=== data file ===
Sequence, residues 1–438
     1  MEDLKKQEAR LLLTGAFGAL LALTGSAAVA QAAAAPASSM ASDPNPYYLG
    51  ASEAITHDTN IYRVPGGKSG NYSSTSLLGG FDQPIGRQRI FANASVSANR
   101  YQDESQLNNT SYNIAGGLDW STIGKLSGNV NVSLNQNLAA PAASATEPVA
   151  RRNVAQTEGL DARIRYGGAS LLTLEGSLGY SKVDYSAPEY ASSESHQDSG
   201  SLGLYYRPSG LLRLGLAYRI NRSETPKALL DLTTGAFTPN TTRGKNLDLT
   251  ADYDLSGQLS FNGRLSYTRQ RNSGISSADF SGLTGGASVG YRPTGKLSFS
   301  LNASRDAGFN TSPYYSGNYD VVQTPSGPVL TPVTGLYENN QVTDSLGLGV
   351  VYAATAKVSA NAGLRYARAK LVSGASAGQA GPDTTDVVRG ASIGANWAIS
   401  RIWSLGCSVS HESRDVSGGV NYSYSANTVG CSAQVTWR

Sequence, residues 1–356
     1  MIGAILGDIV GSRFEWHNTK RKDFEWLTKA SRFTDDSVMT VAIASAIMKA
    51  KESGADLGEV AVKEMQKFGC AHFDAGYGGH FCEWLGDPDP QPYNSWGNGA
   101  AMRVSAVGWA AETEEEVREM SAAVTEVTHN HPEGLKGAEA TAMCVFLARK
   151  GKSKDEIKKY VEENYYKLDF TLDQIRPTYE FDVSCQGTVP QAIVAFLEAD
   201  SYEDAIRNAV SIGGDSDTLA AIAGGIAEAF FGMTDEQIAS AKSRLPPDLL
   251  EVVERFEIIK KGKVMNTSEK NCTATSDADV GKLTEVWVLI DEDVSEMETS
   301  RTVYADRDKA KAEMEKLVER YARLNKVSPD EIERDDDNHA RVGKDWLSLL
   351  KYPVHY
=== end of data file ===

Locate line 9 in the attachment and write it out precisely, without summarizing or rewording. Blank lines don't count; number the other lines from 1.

   351  VYAATAKVSA NAGLRYARAK LVSGASAGQA GPDTTDVVRG ASIGANWAIS